Importantly, the effect on violent crime clearance is driven entirely by small cities where populations are under 28,010 (the bottom 80 percent of the city population distribution in our data). This is notable because large police departments tend to have many specialized divisions charged with performing specific functions. Therefore, in a large police department, it is unlikely that revenue pressure would affect a department’s decisions to choose between different types of activities, since most officers are confined to specific functions. However, police studies scholars have documented that in small town police departments all officers perform many tasks, including both criminal investigation and fee and fine enforcement. Thus, our results are consistent with the hypothesis that officers devote time to revenue collection rather than investigation in departments where officers perform a wide variety of functions. Indeed, in smaller cities, the average number of full-time sworn officers is 20, whereas that number is 248 in larger cities.
Decreased levels of crime clearance are a problem because research suggests that low clearance rates for violent crimes in disadvantaged neighborhoods are related to low levels of trust in the local police force. This paper suggests that aggressive fee and fine enforcement can compound this problem by further diverting resources from investigations that might identify perpetrators. Both the institutional and the individual harms of aggressive fee and fine collection fall heavily on a city’s most disadvantaged residents: fees and fines are most frequently imposed on them and they are most likely to become victims of crimes.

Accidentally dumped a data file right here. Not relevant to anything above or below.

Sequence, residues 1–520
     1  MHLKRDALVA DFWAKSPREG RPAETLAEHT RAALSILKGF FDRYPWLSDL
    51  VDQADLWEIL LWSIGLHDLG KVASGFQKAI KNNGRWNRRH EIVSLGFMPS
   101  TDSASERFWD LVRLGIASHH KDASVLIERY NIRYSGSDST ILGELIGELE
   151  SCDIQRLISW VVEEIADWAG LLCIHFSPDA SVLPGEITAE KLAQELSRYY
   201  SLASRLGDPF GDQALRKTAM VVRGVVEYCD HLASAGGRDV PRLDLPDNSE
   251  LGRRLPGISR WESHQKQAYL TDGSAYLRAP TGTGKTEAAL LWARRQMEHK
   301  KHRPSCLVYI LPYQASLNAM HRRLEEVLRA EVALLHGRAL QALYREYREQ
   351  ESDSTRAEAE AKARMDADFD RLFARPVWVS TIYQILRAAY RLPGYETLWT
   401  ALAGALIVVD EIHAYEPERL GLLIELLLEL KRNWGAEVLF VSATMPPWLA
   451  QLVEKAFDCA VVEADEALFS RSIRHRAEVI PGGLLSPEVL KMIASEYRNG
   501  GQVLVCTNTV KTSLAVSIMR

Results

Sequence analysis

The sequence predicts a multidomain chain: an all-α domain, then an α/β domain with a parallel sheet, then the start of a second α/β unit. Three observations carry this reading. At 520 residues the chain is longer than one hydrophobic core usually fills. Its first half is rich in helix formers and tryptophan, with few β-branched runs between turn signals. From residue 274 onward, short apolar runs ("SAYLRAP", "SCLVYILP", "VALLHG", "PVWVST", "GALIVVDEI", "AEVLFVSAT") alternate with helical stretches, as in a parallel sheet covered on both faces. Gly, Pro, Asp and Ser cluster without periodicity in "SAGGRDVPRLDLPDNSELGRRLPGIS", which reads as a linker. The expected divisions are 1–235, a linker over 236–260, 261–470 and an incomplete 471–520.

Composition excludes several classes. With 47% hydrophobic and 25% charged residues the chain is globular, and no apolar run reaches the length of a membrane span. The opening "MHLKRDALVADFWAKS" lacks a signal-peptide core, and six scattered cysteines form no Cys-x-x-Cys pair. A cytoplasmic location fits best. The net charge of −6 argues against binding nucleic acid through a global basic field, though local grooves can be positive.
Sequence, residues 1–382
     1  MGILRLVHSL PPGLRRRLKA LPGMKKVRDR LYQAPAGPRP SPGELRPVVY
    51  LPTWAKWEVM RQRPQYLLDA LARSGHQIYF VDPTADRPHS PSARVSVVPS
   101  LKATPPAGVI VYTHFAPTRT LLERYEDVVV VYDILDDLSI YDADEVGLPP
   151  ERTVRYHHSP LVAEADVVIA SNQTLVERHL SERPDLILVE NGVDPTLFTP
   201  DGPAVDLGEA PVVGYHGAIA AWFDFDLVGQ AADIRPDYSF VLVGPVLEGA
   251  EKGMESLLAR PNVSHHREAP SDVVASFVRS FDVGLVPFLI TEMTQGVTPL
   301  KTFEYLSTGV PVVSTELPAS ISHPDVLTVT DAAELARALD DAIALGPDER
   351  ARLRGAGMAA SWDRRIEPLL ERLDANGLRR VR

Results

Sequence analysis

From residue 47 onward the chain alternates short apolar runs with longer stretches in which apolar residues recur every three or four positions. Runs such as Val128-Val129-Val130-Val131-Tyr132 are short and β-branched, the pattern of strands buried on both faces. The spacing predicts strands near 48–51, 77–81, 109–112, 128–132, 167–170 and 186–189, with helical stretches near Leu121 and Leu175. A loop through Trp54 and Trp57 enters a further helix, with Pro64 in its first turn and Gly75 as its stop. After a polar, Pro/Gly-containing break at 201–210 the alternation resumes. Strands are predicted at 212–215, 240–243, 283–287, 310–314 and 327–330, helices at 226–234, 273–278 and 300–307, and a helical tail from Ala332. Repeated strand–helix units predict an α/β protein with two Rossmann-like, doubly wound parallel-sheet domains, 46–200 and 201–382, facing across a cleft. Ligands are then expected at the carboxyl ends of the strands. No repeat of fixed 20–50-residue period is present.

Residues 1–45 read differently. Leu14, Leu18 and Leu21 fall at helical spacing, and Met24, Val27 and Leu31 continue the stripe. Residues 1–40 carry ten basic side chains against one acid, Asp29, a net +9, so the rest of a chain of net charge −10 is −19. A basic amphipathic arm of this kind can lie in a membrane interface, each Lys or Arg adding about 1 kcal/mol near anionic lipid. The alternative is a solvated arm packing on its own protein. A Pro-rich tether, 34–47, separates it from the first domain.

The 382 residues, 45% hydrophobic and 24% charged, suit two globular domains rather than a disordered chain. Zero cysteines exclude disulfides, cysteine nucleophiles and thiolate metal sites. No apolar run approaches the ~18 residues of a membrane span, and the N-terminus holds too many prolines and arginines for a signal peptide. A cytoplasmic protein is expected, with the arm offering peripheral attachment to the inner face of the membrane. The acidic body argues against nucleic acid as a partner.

Our work contributes to political scientists’ growing focus on the causes and consequences of local law enforcement practices. Recent research points to the unequal impacts of involuntary contacts with law enforcement officials on residents’ political participation (Lerman and Weaver 2014). Our results complement the existing research by documenting one of the institutional causes of unequal policing — the use of police officers as revenue generators — and one of its institutional consequences — compromising police departments’ roles as public safety providers. The analysis we present here also has important implications for proposed criminal justice reforms. Recent high-profile tensions between Black citizens and police officers in the United States have led to protests and calls for reforms. The ensuing popular and scholarly discussion of inequality in police practices in the United States has been focused for the most part on individual police officers’ implicit bias or lack of appropriate training. Our results suggest that institutional reforms at local level, such as decreasing municipal government reliance on fines and fees for revenue, may also be an important step for reforming criminal justice systems and providing higher levels of public safety.
Rebecca Goldstein is a Ph.D. candidate in the Department of Government at Harvard University. Her research interests include local politics, racial and ethnic politics, the politics of criminal justice policy, and police behavior.
Michael W. Sances is an assistant professor in the Department of Political Science at Temple University. His research interests include local politics, inequality, and political representation.
Hye Young You is an assistant professor in the Wilf Family Department of Politics at New York University. Her research interests include special interest groups, money in politics, and local politics.